A team of independent scientists convened by NASA has released a 33-page report outlining how the agency can aid in research into Unidentified Anomalous Phenomena (UAP)—known more commonly as UFOs. Following the report’s publication, NASA appointed Mark McInerney as its first director of UAP research.
“This is the first time that NASA has taken concrete action to seriously look into UAP,” NASA Administrator Bill Nelson said during a news conference about the report, per CNN’s Jackie Wattles. “We start this without any preconceived notions but understanding that we’re in a world of discovery.”
The report recommends that NASA use its resources, technological expertise, partnerships and Earth-observing satellites to help create a dataset to understand future UAP. It also suggests using crowdsourcing techniques, such as smartphone apps, to allow citizen scientists to submit observations.
Most reports of UAP have mundane explanations—they turn out to be objects such as weather balloons, drones or planes. But in a handful of cases, the origins of the phenomena remain unclear, prompting conjectures of aliens. As of now, however, scientists have found “no conclusive evidence” suggesting UAP have extraterrestrial origins, per the report. Still, alien technology cannot be completely ruled out—though it should only be used as the “hypothesis of last resort—the answer we turn to only after ruling out all other possibilities,” the report states.
Yet, even if UAP aren’t alien-related, they may represent some new scientific phenomena, and more research into these mysterious objects could be valuable.
“One of the main goals of what we’re trying to do here today is to move conjecture and conspiracy towards science and sanity,” Dan Evans, NASA’s assistant deputy associate administrator for research, said at the conference, per the New York Times’ Kenneth Chang. “And you do that with data.”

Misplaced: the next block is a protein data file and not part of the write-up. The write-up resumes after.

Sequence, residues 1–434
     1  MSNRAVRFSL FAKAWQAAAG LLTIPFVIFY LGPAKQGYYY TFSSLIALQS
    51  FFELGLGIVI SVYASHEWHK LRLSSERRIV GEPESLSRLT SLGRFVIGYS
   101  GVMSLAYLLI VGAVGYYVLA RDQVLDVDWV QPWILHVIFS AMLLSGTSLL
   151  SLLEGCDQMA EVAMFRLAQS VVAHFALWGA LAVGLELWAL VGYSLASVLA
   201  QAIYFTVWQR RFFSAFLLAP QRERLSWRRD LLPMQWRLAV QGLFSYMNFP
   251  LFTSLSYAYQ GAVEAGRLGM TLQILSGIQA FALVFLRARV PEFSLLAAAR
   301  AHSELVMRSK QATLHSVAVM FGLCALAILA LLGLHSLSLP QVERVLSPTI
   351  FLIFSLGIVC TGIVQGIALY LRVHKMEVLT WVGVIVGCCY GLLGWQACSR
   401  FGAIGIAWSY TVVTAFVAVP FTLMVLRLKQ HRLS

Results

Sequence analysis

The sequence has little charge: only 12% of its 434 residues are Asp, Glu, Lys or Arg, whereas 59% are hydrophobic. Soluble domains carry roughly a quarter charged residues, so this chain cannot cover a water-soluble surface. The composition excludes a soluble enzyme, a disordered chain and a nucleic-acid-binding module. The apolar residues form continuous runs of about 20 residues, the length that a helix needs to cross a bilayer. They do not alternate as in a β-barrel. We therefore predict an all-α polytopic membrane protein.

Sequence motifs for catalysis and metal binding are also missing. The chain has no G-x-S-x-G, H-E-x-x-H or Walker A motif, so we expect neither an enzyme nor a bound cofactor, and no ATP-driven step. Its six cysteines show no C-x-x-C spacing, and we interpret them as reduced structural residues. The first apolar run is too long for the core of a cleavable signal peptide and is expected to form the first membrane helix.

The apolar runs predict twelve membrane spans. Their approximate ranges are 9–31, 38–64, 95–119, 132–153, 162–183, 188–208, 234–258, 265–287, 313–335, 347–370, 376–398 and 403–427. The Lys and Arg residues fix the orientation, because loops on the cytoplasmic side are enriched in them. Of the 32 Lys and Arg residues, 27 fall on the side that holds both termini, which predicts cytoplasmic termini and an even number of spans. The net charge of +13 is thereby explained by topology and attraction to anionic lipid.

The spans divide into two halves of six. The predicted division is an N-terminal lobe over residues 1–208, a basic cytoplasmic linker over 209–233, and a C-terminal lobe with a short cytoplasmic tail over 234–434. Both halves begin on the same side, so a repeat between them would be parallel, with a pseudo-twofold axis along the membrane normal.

More data could also reduce the stigma around reporting UAP, David Spergel, an astrophysicist who is president of the Simons Foundation and served as the chair of the UAP panel, said at the conference. Several members of the UAP panel received threats because of their work, and the agency withheld the new UAP research director’s name for several hours after announcing his appointment due to fears of harassment.
“Stigma has limited reporting by pilots, both civilian and military,” Spergel said, per the Times.
UAP and extraterrestrials have captured public attention recently. Earlier this week, a self-proclaimed ufologist presented two alleged “alien” specimens to the Mexican Congress. Photos of the bodies quickly went viral online, though scientists doubt their authenticity, calling the display shameful and not backed by evidence. (Spergel addressed these claims while releasing NASA’s report, saying, “If you have something strange, make samples available to the world scientific community, and we’ll see what’s there.”)
Last year, the U.S. Congress held its first UFO hearing in five decades, and in July, a former U.S. military official testified at another hearing that the government is in possession of non-human “biologics” from UAP crash sites.
While NASA has not previously been directly involved in investigating UAP, one of its goals is to look for evidence of life in space. In 2020, the NASA rover Perseverance launched with the aim of finding microbial signs of past life on Mars. The agency’s Kepler Space Telescope has been looking for Earth-like exoplanets for years, and the James Webb Space Telescope has spotted several worlds with components necessary for life.
Many researchers agree that it’s possible—maybe even probable—that life exists on distant planets, but NASA Administrator Nelson says the probability that extraterrestrials have reached Earth is low, per Reuters’ Joey Roulette.
“If you ask me, do I believe there’s life in a universe that’s so vast that it’s hard for me to comprehend how big it is, my personal answer is, ‘yes,’” he said at the news conference, per Reuters.